David Bowie: An Obituary


And so, David Bowie has died. At the age of 69, battling Liver Cancer for 18 months without any public knowledge, he finally passed away today. So, as we did with Robin Williams, ‘If you Ask Me’ has to do another obituary for one of my personal heroes.

David Bowie was born as a part of the babyboomer generation, an age where the Second World War caused devestation, he was a man who had a brave new world to grow up in. And he grew into a very interesting world. Rock music, the collapse of imperialism, the cold war went on, and he was at the forefront of what I call the first evolution of rock. The 1970’s. The Beatles having dissolved, other bands took their sound, and manipulated it, and the outlandishness of the Sgt Pepper era spewed in pop culture, and we got Ziggy Stardust. Bowie lasted through the 80’s, 90’s, and 00’s, until today.

Bowie started off in a band, before going solo into his first album. His early folk music is mostly for collectors these days, and was not critically praised. But the man made his first change in 1969, when he released ‘A Space Oddity’. The song which made him popular. His metamorphosis again, from a rock star, to glam rock, and the famous image of Ziggy Stardust. With a backing band, we were all sure that he would be a part of popular culture for many years. He soon ditched Stardust, and became Aladdin Sane, Halloween Jack, and the Thin White Duke. Those were pretty outlandish personalities, amplified by the use of Cocaine. The effects were severe that it seemed Bowie was nothing. These personalities taking over his body.

This led to a move to Berlin, and the Berlin Trilogy; made with Brian Eno. These are my favourite albums. Low, Heroes, and Lodger were creative, ambient, and creepy beasts, but it brought David back; which was good. Scary Monsters and Super Freaks balanced the excesses of the Berlin era experimentation, with accessible rock. These albums and all before cemented Bowie as a megastar, and led to much critical and commercial praise. But the material began to get stale, with most of his 80’s material being…lackluster at best. There were good songs, but the artistic virility of Bowie seemed to die. Of course, when Black Tie, White Noise and Tin Machine came around, the artist was back.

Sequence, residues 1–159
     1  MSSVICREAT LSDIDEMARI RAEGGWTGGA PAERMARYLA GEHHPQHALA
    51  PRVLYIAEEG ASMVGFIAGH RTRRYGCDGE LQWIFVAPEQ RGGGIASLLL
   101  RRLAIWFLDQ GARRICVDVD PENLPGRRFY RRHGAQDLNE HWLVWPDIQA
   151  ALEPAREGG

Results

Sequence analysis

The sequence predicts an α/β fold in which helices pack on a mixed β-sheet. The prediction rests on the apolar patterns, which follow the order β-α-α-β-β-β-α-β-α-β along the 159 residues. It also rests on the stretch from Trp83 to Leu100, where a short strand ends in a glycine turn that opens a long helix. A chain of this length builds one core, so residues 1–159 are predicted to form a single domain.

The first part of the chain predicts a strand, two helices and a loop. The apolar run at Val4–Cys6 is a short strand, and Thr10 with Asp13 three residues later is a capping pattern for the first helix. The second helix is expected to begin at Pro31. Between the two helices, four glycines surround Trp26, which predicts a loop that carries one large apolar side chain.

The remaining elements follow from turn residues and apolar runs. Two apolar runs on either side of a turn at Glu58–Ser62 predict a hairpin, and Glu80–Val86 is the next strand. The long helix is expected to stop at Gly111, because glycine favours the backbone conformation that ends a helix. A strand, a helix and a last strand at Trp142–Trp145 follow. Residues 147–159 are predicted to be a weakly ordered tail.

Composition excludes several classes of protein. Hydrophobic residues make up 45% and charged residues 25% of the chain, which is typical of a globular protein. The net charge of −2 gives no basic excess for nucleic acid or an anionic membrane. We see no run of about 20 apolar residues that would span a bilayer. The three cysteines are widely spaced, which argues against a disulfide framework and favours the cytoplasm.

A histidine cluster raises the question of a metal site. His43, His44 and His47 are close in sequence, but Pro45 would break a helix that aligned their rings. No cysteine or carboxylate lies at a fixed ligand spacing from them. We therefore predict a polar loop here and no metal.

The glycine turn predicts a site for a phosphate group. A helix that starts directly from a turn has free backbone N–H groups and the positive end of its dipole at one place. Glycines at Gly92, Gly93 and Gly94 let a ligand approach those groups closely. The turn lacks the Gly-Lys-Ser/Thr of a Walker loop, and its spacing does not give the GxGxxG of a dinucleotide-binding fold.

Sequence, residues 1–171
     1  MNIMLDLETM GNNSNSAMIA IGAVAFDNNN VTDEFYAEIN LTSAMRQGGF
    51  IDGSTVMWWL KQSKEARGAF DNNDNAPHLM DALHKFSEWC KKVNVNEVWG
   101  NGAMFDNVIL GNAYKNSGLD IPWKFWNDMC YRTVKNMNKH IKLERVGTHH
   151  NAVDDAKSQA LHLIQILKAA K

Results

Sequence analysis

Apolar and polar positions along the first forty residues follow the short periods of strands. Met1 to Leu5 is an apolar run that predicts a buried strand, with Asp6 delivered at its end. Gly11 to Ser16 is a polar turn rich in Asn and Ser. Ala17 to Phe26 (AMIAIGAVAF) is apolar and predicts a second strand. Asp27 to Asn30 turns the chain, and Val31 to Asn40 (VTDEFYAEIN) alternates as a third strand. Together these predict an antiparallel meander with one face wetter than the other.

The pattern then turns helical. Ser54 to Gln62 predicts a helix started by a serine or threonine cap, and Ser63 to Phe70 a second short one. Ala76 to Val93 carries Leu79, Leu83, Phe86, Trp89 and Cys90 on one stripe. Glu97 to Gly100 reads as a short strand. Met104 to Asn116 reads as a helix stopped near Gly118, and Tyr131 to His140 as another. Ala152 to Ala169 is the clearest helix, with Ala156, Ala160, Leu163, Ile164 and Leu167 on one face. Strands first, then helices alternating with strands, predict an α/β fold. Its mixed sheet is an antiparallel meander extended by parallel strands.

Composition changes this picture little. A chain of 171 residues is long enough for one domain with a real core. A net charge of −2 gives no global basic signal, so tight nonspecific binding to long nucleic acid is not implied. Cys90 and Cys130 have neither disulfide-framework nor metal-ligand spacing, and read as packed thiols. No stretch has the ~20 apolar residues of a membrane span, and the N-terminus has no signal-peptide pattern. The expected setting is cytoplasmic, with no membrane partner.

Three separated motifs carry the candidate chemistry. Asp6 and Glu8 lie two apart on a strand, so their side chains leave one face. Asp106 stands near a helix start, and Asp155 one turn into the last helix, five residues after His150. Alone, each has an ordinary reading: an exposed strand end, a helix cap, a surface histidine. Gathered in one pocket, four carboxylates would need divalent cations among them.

And Bowie continued to release albums, becoming less regular and frequent as the 90’s and 00’s wore on, but he continued. And in the 2010’s, The Next Day and Blackstar were released, bringing Bowie to many younger listeners. But now the story ends.

I will miss Bowie. He was a creative and interesting man. His music has lasted this long. 40 something years of music is a great achievement, which will last the test of time. My friend Heather said it best:

‘I don’t think that I can ever know, much less could anybody else, what percentage of me is attributable to David, from the first moment my Dad sung ‘Space Oddity’ to me while I floated in the sea. It’s dramatic, it’s affected, it’s whatever; but I’m dragged under now.

I noticed everything, maybe even too much. I used to think you were saying my name in your songs, for god’s sake. I’m not going to wax lyrical about my spending all day crying; it’s hardly justifiable as something about me. I’m not going to try and tell you that David’s omnipotent eye saw what happened to me through school and intervened. He didn’t; it was me who intervened, playing his music on a half-wrecked old vinyl and struttingly asserting that “if I’m a freak, so be it!” But it’s not through any other vessel I was, or still am, able to create that feeling for myself.

I’m not going to post a picture of David with some half-sentimental quote or song reference. I can’t. I don’t want to see my world plastered with “Rest in Peace, David Bowie” when you didn’t know him. I just want to let the world know that navigating in life now feels like stumbling around on two legs where I’ve always been used to standing on four.

I’m still going to be vexed when they assert that your name is “BAA-wie” when you & I know it’s Bowie like a bow-tie. I’m still going to tell people that, no matter what they want to believe, your eyes aren’t different colours. I’m still going to be a silent film star to Life on Mars, an icon of the twentieth century to Rock n’ Roll Suicide, and a martyr to Starman. It’s for kids like you & me. I know.
Shave off my eyebrows and call me the world’s weirdo; I know it now. Who do I call up about this? I’ve never called you before.

They say never to meet your idols, and I never will.’

I think that says best what I am trying to convey. The man had a connection. And his creative genius will probably be emulated in the future. But never repeated. Spaceboy, you’re sleepy now. I end this blog post with the lyrics to Blackstar, which I link to you.

‘Something happened on the day he died
Spirit rose a metre then stepped aside
Somebody else took his place, and bravely cried
(I’m a blackstar, I’m a star’s star, I’m a blackstar)’

About the author


Since 2012, Benjamin Attwood has written for the If you Ask Ben blog.

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